Then came some comic relief on Friday. The Bruins announced that they had inked Jarome Iginla to a one-year contract with incentives. Iginla famously spurned the Bruins at the trade deadline, got dealt to Pittsburgh, and wound up getting embarrassed by the Bruins in the East Finals. Iginla is 36 but will take the place of Horton on the Bruins' second line. If he can do better than another former Penguin, Jaromir Jagr, this will be a good get. But Iginla eventually coming to Boston anyway is a cute story, no matter how good or bad he does.

The ninth inning is harder than you think

Some media types think the Red Sox will make a run at bringing Jonathan Papelbon back to the Red Sox around the trade deadline. It may not be that far-fetched if Philadelphia makes him available.

The Red Sox are currently in first place in the AL East and have the best record in the AL. Many players have been playing better than expected, from John Lackey to Jose Iglesias to Koji Uehara to Daniel Nava, and the Red Sox are making New Englanders smile.

But it's July, not September. If the Red Sox are going to actually take this thing into October, they need a closer. Uehara has been the latest to step up and try his hand, and for the most part, he's done well. Joel Hanrahan's season is over and Andrew Bailey gave up way too many hits and bombs to be reliable. But Uehara is not invincible, is 38 years old and could break down physically as the season heads towards Halloween.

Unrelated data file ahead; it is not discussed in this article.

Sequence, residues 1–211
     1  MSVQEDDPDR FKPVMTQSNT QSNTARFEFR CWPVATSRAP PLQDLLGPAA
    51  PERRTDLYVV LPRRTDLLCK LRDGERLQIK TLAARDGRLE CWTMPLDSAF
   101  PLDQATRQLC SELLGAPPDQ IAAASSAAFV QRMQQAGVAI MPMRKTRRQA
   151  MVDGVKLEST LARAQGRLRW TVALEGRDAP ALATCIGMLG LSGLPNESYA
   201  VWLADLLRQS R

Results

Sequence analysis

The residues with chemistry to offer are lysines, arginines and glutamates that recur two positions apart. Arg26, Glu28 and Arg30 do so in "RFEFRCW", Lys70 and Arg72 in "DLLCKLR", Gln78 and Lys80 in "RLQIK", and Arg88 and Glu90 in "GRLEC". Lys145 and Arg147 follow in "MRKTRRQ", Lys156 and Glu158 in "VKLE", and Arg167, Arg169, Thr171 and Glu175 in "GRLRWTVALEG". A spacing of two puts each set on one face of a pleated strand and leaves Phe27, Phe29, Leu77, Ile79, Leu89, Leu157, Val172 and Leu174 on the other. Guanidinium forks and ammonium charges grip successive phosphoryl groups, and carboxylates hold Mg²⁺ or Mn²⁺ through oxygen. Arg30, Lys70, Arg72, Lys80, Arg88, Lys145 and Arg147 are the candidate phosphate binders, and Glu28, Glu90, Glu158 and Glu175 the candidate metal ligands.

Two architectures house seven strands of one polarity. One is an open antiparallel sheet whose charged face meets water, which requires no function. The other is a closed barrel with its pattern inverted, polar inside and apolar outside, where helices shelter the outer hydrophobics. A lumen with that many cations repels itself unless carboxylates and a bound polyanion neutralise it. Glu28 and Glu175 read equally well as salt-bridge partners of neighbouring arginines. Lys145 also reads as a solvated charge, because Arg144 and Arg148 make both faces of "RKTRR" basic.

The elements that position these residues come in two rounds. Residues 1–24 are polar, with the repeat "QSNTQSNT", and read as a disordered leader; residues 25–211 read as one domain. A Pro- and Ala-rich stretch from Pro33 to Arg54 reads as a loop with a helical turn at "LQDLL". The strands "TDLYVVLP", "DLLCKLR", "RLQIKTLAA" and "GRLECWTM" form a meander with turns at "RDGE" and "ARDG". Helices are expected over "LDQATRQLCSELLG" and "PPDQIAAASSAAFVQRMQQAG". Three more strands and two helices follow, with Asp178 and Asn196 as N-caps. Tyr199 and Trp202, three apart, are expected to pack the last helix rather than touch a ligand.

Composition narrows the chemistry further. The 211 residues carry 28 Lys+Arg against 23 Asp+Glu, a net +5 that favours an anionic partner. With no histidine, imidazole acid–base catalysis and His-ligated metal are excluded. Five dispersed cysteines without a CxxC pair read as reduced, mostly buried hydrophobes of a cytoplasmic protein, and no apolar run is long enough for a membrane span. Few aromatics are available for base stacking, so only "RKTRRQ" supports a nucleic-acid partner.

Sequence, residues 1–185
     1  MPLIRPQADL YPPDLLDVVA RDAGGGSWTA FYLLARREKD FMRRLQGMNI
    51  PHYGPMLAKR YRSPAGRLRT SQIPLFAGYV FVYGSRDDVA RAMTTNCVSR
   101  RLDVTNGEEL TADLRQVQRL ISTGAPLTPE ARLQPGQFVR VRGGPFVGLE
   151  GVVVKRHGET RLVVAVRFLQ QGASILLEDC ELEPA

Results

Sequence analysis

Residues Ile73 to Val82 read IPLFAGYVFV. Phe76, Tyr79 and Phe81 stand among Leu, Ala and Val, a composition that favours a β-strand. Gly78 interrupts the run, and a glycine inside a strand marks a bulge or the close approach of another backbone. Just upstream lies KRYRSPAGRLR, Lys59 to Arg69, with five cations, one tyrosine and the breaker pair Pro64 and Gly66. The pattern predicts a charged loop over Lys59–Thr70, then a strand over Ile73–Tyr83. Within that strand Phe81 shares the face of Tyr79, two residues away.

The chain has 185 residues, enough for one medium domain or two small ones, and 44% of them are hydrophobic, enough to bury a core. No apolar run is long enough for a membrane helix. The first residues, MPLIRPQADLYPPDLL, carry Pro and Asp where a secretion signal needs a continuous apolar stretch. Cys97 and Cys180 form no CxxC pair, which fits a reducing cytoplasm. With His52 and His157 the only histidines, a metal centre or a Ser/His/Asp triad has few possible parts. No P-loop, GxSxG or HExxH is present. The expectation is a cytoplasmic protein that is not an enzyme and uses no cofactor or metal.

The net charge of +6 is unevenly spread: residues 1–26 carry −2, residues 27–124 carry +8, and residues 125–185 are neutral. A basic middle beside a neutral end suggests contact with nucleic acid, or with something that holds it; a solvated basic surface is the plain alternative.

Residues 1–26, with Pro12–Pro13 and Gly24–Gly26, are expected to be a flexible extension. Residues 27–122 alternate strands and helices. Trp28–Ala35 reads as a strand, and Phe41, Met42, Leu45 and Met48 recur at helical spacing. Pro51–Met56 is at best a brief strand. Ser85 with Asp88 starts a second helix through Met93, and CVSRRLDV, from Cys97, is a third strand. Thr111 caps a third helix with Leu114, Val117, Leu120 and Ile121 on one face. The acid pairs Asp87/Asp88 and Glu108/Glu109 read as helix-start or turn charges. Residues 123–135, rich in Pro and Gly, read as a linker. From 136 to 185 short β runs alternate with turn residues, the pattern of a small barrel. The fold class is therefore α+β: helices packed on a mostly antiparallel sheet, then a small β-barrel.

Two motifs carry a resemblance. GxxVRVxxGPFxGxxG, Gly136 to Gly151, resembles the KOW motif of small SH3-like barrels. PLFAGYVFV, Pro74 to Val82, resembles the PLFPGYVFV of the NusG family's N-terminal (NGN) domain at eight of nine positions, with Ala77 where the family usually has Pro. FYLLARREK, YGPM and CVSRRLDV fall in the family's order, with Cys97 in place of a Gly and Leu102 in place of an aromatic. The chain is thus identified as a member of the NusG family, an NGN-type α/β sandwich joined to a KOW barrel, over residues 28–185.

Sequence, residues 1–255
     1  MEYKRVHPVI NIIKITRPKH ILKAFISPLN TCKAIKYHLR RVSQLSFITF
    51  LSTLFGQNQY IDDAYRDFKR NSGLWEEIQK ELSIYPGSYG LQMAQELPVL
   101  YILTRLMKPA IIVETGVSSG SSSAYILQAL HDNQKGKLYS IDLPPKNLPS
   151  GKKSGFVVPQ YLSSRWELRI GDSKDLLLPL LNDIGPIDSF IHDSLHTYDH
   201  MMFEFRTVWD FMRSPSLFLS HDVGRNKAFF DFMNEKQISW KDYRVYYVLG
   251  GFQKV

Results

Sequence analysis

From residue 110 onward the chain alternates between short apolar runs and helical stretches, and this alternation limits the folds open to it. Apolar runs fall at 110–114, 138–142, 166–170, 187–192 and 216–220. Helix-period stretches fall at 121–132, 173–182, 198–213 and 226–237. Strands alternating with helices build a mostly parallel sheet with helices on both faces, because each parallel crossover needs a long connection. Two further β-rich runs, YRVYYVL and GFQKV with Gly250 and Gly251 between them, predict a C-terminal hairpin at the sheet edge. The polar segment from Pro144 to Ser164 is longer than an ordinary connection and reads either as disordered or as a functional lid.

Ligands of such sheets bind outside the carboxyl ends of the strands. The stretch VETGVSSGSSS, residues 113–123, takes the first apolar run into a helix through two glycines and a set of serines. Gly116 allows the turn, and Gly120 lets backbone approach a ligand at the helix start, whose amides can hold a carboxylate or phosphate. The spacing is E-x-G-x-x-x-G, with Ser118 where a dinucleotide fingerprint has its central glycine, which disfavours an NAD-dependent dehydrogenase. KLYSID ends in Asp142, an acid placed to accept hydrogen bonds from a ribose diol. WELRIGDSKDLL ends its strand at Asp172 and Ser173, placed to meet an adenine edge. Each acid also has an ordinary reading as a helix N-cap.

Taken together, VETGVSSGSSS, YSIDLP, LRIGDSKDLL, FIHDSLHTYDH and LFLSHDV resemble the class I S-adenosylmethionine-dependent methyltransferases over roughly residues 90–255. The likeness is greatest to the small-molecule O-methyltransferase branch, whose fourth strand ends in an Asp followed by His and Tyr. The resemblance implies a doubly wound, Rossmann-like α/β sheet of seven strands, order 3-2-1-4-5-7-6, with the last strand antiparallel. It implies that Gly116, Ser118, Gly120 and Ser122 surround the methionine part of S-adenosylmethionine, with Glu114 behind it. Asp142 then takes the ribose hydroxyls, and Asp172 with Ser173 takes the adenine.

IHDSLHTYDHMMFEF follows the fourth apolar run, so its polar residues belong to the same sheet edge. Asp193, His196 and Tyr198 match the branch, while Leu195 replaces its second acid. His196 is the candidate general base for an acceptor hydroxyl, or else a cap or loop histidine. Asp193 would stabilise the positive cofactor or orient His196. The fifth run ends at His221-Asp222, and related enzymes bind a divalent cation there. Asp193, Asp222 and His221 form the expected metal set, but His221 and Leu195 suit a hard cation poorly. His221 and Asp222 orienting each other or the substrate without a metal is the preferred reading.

Uehara blew a save on June 30, giving up a ninth inning home run to Jose Bautista of Toronto, but wound up winning the game when Shane Victorino reached on an error in the bottom of the ninth. Then on July 6 at Anaheim, he had to clean up a horrid mess that Alex Wilson left him. With the bases loaded and nobody out and the Red Sox up 7-3, Albert Pujols fought off a good pitch low and away and flicked it into centerfield for a 2-RBI single to make it 7-5. A clean single by Jeff Hamilton brought in another run, then what should have been a game-ending forceout saw third baseman Brandon Snyder airmail a throw over Dustin Pedroia's head into right field, and the Angels tied the game. Hamilton would homer in the 11th to win it for the Halos.

Some observers think John Farrell may be overusing Uehara. Though the last regular and postseason games Papelbon pitched for the Red Sox resulted in blown saves, the Red Sox should try and bring Pap back home if they can without mortgaging the future. Though Uehara should have been bailed out Saturday night, he is not automatic and is best used as a setup man.

Pap was there at the final out of the last World Series win. He can bring home the big prize. The Sox should see what they can do at the trade deadline. In a year where there is no real dominant team in MLB, this could be a difference maker.